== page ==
The cattle are doing another sweep of the grass fields much their relief. They were fed up with eating hay in the middle of the summer, and so were we were considering the still relatively empty hay barn. However they look remarkably well. Livestock tend to thrive during dry conditions, they are less likely to pick up parasites which play havoc with their immunity and development.
The winter barley is now rapidly turning. At this rate we will be harvesting the earliest I can remember. The downside is that the crop is under developed with short straw and small seed grains. I sincerely hope others will fare better than us with their arable crops this summer.
I am uneasy about the raft of petitions doing the rounds, some endorsed by ‘celebrities’ and national newspapers. Well intentioned as they are, they do not tell the true story regarding the Government’s trade negotiations with the USA. There have been many misleading and false claims in the media and from other organisations and political bodies, regarding the risk to animal welfare standards and import of cheap and poor quality food, which could threat the livelihoods of livestock farmers.
Amongst these voices are those of the NFU leadership. During the Referendum this same leadership religiously followed the project fear band wagon, and now, seeing an opportunity to kick Boris and his Government for daring to win the Brexit argument, and indeed the General Election, they are at it again.
The Prime Minister has repeatedly said that the UK Government will not compromise on British standards. As Liz Truss and George Eustice once again made very clear last week, the Government’s manifesto stated that in all their trade negotiations they would not compromise on high environmental protection, animal welfare, and food standards. It has been made clear that the EU Withdrawal Act transfers all existing food safety provisions, including existing import requirements, onto the UK statute book.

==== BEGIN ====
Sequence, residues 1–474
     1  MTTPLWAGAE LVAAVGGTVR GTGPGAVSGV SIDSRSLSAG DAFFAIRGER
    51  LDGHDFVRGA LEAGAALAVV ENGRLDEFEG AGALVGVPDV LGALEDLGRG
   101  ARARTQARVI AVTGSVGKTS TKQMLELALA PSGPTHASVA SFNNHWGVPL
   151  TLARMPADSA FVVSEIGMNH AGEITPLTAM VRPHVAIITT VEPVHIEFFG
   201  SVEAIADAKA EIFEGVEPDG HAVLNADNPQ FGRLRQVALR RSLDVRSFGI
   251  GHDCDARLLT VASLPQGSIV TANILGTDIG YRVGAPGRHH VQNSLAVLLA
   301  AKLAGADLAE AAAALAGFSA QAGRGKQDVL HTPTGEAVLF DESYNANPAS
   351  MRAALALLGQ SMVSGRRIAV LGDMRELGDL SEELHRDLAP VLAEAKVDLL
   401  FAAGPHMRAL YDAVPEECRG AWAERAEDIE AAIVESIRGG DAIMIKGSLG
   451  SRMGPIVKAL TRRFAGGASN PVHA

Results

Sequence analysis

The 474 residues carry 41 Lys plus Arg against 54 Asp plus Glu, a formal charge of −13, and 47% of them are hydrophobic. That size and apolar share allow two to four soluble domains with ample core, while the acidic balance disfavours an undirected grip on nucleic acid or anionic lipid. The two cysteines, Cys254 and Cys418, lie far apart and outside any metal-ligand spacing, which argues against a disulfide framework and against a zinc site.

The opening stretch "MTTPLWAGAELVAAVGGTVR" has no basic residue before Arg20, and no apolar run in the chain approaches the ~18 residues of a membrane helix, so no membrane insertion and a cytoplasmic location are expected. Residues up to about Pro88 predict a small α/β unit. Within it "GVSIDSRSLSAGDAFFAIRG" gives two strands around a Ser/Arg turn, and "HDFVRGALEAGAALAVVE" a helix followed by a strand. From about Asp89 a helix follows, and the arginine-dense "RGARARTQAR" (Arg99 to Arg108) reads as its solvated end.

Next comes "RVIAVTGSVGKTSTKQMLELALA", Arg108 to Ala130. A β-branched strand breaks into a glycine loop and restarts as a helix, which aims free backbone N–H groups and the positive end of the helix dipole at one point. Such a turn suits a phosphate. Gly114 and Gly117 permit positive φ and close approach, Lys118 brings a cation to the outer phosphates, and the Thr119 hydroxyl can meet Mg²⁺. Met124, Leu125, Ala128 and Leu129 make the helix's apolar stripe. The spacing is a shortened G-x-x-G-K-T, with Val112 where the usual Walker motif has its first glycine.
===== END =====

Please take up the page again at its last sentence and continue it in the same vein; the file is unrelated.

These import standards include a ban on using artificial hormones in domestic and imported products, and sets out that no products, other than potable water, are approved to decontaminate poultry carcases. Any changes to existing food safety legislation would require new legislation to be brought before this Parliament.
The UK’s food standards, for both domestic and imported products, are overseen by the Food Standards Agency and Food Standards Scotland. Both are independent agencies and provide advice to the UK and Scottish governments. They will continue to do so to ensure that all food imports comply with the UK’s high safety standards.
The presumption is that the Prime Minister and his ministers are selling British farmers short, and reneging on promises made during the Brexit Referendum. Why would they? As Theresa Villiers reminded us in her article in the Mail on Sunday, the UK market for food and groceries is the third largest in the world. It is a massive prize for any country to be allowed greater access to trade with us. The Government should not and will not put at risk food safety and high standards.
If the US wish to sell beef and chickens into the UK market that is fine as long as their welfare and food production standards match ours. Taking into account that each year 50 million Americans become ill from their food, they need to start doing some serious catching up.
The public want good quality safe food, preferably made by British producers. As this is also exactly what Boris and his Government are aiming for, I do not see what all the fuss is about.